On the southern flank of the Pocahontas basin, Kentucky, Lower to Middle Pennsylvanian sedimentary rocks contain the coal-bearing strata of eastern McCreary and western Whitley Counties. These strata are divided into two major formations, the Lee and the Breathitt, each composed of quasi-cyclic sequences of sandstones, siltstone, coal, and shale, which have been interpreted as paralic lithogenetic units reflecting depositional environments that periodically intertongued laterally.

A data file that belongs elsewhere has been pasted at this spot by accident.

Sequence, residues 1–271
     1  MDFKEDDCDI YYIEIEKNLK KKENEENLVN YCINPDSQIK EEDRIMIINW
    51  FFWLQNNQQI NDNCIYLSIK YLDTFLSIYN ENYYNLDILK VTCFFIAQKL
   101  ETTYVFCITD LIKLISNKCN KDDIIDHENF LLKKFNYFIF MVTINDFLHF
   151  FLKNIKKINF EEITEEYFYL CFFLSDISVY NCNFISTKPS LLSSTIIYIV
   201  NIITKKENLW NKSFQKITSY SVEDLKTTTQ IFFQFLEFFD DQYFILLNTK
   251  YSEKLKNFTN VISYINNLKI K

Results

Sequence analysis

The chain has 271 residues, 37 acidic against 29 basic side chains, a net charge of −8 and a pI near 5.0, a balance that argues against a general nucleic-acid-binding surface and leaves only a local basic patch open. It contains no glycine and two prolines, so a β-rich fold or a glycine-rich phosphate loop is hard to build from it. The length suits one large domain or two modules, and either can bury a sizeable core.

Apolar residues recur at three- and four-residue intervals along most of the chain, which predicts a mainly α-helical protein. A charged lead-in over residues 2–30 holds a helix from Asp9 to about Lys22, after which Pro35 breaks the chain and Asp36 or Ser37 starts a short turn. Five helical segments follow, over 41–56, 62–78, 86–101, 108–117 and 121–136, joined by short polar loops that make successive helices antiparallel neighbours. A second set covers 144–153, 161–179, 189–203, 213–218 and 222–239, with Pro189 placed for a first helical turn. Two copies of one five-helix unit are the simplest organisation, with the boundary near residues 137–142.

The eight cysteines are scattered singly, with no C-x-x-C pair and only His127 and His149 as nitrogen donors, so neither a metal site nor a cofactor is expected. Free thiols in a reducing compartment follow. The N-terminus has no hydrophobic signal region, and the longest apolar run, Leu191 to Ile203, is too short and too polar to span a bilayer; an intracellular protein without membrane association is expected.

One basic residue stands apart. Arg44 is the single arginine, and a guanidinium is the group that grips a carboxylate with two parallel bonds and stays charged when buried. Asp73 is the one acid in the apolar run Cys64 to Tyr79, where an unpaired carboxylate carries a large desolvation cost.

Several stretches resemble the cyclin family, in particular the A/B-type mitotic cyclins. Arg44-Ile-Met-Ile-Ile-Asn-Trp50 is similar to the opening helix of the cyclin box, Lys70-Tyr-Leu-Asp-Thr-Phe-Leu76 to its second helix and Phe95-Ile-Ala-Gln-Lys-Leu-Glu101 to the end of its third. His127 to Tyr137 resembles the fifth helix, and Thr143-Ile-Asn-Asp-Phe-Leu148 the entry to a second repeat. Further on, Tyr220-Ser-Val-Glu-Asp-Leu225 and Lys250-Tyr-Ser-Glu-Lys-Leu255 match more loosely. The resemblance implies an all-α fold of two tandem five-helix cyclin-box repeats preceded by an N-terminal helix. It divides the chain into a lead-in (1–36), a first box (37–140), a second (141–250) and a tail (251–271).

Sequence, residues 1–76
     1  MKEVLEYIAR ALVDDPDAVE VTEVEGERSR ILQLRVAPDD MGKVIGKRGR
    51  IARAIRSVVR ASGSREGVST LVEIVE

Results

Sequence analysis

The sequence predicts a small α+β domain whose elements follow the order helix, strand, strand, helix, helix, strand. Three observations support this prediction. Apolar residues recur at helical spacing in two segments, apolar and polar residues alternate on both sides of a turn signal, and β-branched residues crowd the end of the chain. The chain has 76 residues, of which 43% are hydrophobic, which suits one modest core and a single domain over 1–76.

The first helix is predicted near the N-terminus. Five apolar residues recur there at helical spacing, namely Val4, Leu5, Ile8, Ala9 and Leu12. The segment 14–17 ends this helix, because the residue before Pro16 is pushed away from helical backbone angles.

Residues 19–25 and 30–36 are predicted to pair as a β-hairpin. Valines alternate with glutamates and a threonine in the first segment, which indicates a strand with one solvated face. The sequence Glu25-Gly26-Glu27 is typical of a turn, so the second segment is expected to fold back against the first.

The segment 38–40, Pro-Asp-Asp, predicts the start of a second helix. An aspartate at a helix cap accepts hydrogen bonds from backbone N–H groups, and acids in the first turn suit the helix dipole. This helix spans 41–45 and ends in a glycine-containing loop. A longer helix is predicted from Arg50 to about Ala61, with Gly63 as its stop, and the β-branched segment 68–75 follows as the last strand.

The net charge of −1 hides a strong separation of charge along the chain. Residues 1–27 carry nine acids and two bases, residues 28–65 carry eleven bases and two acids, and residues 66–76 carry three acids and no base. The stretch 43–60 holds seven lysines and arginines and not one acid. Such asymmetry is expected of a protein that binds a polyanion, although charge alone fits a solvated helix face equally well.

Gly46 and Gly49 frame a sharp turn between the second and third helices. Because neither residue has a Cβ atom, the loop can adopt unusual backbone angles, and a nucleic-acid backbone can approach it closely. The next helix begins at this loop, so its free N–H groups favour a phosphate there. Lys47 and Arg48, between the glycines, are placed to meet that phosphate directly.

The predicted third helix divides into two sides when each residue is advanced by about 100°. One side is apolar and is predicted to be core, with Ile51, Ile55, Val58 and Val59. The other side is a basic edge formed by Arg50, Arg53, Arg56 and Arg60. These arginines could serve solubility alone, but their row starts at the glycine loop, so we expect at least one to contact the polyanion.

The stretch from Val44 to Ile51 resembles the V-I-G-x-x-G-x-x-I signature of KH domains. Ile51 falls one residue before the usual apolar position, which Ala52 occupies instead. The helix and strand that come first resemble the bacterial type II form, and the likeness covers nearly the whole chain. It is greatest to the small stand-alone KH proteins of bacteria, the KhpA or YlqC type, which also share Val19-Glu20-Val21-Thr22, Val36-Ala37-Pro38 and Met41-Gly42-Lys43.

Cores from six exploratory drill holes penetrating the formations are described, and analyses of basic lithologies in conjunction with geophysical logs are integrated into detailed stratigraphic columns. Correlation using key beds is established, producing geologic sections and a stratigraphic framework to which the coal beds could be referred for specific correlations. Isopach maps of the major coal seams and a structure contour map of the unconformity at the base of the Corbin sandstone were prepared. A fence diagram incorporating the six core holes illustrates a detailed interpretation of the subsurface stratigraphic record, including depositional sequences, distribution, and thickness of the strata. A brief review of the general geologic history of the coal zones is presented.